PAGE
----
• Faster breathing

  • Higher blood pressure

  • Increased body temperature

  • A sudden influx of energy

  • Irregular heartbeat

  • Anxiety

  • Loss of focus

  • Muscle spasms

  • Paranoia

  • Panic

  • Irritability

  • Mood swings

Each individual experiences unique symptoms or combinations of symptoms with the use of methamphetamines. There is also the very real threat of overdose from meth, a situation that can rapidly turn fatal.

Meth’s effects are a destructive force and identifying the use of meth is essential in taking the first step to overcoming an addiction. 

Long-Term Signs of Meth Use

The effects of meth on the body and mind can be extensive, and there are a host of health complications that can result from one's use of methamphetamines. Some of these effects of meth include cardiovascular problems, liver damage, persistent anxiety and paranoia, depression, and panic.

Sores can also manifest on the body, and compulsions to scratch and pick at one's skin and scabs are typical as a result. 

Sleeping problems are also common. Individuals using meth often find themselves unable to either fall asleep or stay asleep. Extreme weight loss is also common as an individual skips meals, and rotting teeth or other dental concerns known as “meth mouth” may also occur.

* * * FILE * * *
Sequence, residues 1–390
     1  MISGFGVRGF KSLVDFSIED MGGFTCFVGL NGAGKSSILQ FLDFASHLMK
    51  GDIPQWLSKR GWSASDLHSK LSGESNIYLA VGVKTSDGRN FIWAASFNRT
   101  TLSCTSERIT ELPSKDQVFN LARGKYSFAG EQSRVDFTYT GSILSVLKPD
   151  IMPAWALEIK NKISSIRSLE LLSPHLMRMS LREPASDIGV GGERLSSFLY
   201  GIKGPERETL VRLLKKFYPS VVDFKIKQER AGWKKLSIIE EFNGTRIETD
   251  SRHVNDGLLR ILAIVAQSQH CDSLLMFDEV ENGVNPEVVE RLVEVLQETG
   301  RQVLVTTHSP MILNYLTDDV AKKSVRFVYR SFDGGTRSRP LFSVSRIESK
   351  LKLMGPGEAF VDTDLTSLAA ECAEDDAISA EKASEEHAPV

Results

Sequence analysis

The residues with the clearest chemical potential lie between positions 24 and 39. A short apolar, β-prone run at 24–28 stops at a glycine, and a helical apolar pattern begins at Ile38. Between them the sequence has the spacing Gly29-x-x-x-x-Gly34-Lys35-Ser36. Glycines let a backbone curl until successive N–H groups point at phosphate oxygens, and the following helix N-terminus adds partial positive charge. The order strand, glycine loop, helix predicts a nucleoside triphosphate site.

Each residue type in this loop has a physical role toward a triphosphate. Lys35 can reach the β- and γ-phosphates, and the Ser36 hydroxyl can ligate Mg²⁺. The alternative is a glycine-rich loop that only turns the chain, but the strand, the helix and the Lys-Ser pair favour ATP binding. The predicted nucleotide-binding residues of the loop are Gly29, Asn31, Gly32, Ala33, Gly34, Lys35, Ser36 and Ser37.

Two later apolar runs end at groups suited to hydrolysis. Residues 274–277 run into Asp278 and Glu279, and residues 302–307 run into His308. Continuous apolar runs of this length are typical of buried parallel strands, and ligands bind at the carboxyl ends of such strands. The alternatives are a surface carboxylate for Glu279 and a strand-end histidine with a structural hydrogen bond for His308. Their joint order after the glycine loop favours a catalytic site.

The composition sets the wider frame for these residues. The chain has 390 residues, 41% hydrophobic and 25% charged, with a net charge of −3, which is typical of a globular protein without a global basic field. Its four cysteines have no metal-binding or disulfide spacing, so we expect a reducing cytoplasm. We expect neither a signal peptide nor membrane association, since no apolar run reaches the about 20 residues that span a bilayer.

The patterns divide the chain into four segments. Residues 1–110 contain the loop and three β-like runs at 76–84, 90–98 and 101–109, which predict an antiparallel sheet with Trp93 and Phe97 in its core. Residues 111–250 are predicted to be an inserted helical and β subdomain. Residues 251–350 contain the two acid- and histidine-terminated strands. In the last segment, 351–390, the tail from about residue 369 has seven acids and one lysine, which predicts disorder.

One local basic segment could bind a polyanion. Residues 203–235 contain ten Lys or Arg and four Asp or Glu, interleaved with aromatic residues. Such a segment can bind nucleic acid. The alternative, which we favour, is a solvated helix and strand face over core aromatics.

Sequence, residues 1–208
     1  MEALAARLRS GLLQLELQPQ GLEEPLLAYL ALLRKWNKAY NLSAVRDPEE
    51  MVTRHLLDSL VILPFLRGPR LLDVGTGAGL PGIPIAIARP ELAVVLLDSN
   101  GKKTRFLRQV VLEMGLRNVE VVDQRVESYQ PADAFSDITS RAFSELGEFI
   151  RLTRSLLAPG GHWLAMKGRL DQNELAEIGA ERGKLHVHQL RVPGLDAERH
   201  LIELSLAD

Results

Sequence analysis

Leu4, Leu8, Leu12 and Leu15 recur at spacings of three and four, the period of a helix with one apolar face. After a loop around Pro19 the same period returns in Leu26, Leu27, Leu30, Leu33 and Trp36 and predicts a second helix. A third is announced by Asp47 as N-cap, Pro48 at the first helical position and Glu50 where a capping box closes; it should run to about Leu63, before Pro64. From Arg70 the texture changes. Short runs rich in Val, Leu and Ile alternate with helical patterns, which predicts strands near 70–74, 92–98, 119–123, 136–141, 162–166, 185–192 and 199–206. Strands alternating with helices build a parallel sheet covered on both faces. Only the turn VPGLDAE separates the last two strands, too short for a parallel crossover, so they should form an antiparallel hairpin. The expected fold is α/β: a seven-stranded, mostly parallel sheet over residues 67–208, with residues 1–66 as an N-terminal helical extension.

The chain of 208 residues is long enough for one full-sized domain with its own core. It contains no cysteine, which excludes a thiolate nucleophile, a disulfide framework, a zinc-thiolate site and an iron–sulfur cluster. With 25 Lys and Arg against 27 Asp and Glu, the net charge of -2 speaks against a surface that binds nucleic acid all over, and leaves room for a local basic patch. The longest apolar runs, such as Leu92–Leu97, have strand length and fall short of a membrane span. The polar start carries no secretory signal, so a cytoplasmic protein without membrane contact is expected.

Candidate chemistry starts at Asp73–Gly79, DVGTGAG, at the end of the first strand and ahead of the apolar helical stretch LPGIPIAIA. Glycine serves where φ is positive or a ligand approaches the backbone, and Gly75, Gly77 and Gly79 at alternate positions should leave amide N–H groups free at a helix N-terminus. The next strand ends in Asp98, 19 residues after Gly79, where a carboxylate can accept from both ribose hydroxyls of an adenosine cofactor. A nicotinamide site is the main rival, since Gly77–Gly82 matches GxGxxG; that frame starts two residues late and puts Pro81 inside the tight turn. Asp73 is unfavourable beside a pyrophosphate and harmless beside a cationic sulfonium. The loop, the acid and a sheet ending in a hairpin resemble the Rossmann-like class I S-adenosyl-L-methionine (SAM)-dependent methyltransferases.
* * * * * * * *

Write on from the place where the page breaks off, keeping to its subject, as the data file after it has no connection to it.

For those injecting meth, track marks and bruising are very common on one's body, creating scabs and further compromising one's physical health. There is no safe way to use meth, and the only way to pursue a healthy life is to eliminate the use of methamphetamines with the help of a professional detox and recovery program. 

Behavioral Changes of Meth Addiction

An individual doesn't have to directly observe an individual using methamphetamines to recognize the development of addiction. Those struggling with addiction to methamphetamines may exhibit behavioral changes in a number of ways.

They may become more isolated and disinterested in hobbies or relationships and may begin to neglect usual responsibilities like daily household chores, basic obligations, and work attendance or tasks.